Organisations realize they must consider the contingent workforce similarly to how they manage internal staff — in the search for talent, in managing performance and even in retention or exit. At the same time, the contingent workforce is different, and thus requires different processes and management, from the permanent group. The current regulatory environment, while not the only driver, means that governments will increasingly require careful management of the contingent workforce if organisations are to stay within the law and avoid reputational and financial risk.
Independent workers can be engaged through cost-saving direct sourcing approaches, allowing businesses to gain access to this important talent population, with compliance risk mitigated.
New ways of engaging independent workers appear to be creating new opportunities for contingent workforce spend control and savings. Download this paper to find out how.
The history and growth of the US staffing market reflects many of the overall economic, technology and political trends of the last century. Increasing skills specialization in highly targeted areas (and the demand for such skills), the ending of the traditional “life employment contract” between worker/company, the embrace of greater variability in corporate cost structures and the need to “flex” to meet demand-driven requirements all contributed – along with a host of other inputs – to a staffing market that would ultimately represent approximately 2% of the labor workforce. Yet new trends appear to be favoring alternative models to staffing for contingent (non-employee) workers. What do these trends mean, and where are they taking this market segment today? Find out in this free download.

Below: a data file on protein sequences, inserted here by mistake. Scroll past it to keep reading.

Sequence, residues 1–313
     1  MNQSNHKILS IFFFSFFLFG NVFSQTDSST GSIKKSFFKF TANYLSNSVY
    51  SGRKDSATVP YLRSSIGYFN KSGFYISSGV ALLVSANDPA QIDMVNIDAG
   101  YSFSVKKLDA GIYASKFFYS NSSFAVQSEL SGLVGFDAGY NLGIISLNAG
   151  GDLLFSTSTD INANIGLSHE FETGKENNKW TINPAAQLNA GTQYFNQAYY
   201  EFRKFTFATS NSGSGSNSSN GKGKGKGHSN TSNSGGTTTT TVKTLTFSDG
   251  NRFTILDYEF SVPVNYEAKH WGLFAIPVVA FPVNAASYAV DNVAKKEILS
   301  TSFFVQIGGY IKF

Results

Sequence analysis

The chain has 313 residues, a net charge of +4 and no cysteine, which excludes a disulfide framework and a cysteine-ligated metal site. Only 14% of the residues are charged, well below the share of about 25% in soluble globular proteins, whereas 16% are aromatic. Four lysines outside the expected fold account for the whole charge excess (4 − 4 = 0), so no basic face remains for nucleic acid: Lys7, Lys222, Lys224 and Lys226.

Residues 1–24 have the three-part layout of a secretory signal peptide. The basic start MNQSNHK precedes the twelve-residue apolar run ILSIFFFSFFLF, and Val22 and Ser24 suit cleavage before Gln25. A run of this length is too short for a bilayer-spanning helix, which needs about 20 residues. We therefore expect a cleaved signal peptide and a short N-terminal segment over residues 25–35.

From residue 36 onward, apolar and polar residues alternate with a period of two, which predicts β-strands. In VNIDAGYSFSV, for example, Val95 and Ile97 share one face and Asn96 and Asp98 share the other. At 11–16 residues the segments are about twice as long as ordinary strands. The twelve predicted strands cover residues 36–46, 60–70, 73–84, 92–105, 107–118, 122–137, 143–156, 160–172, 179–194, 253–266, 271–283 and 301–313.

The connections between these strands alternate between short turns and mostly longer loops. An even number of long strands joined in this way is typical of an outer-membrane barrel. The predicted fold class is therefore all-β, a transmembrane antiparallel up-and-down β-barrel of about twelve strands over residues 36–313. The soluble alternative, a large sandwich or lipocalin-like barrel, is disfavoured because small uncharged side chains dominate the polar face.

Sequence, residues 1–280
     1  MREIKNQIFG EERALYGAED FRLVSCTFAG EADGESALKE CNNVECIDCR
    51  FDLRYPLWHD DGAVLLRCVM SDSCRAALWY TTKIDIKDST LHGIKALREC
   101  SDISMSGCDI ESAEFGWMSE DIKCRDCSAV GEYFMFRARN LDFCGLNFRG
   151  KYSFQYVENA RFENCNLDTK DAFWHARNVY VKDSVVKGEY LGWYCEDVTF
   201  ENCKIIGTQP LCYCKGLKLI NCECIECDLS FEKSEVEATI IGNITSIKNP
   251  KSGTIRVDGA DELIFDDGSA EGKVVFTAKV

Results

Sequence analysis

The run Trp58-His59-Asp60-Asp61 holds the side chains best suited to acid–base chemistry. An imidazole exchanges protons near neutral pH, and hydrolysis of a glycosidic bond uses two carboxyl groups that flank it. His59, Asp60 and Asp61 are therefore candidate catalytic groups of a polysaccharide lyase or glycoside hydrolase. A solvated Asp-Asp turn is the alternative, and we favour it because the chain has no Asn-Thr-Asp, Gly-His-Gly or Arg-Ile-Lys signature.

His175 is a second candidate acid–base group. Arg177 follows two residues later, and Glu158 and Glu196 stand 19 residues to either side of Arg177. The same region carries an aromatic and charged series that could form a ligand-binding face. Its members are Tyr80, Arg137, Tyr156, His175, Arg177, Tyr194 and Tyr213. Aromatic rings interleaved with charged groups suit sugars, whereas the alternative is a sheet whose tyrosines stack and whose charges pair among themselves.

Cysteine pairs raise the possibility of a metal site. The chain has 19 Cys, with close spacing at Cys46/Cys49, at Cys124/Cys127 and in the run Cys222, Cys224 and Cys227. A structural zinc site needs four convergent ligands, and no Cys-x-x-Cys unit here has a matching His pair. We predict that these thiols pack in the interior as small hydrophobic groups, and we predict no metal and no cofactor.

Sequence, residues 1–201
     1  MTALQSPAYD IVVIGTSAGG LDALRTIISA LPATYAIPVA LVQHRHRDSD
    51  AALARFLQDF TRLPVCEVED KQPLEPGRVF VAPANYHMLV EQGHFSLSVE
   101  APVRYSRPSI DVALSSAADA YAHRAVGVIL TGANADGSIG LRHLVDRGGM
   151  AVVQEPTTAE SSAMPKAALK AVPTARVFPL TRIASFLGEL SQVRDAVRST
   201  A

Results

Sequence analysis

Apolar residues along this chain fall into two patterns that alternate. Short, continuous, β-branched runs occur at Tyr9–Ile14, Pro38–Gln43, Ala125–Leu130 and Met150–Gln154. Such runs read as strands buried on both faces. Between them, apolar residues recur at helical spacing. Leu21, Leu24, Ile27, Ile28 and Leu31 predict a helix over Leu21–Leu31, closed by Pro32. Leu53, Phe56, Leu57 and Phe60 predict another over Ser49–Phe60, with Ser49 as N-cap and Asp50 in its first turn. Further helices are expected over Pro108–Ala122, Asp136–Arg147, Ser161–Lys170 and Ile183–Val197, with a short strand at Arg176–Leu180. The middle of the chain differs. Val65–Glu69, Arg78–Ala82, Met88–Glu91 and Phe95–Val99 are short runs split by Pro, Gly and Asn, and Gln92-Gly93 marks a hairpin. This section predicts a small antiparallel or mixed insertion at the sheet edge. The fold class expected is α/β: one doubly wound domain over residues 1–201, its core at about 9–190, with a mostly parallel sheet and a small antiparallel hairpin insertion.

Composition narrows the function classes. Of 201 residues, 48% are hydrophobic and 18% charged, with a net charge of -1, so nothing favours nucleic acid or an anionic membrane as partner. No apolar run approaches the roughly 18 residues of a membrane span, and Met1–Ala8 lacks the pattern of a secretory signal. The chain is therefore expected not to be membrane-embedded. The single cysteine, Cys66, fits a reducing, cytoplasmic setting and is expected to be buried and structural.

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This paper discusses how procurement professionals can position themselves best to work at the highest levels of organisations, and how they can show they’re ready for the top jobs!
Spend Matters Perspective - Free Research Download What is Your Best Option? Procurement Certification and Training Today Jason Busch, Executive Editor, Spend Matters Across industries, procurement skills are falling short of what organizations need. In survey after survey, hiring managers cite a lack of qualified candidates as one of the top challenges they face. Spend Matters research suggests that fewer than 10% of the procurement workforce in North America has a procurement certification or has gone through a formal degree program in supply management or a related field (e.g., operations research, supply chain management, etc.). Part of the challenge is […]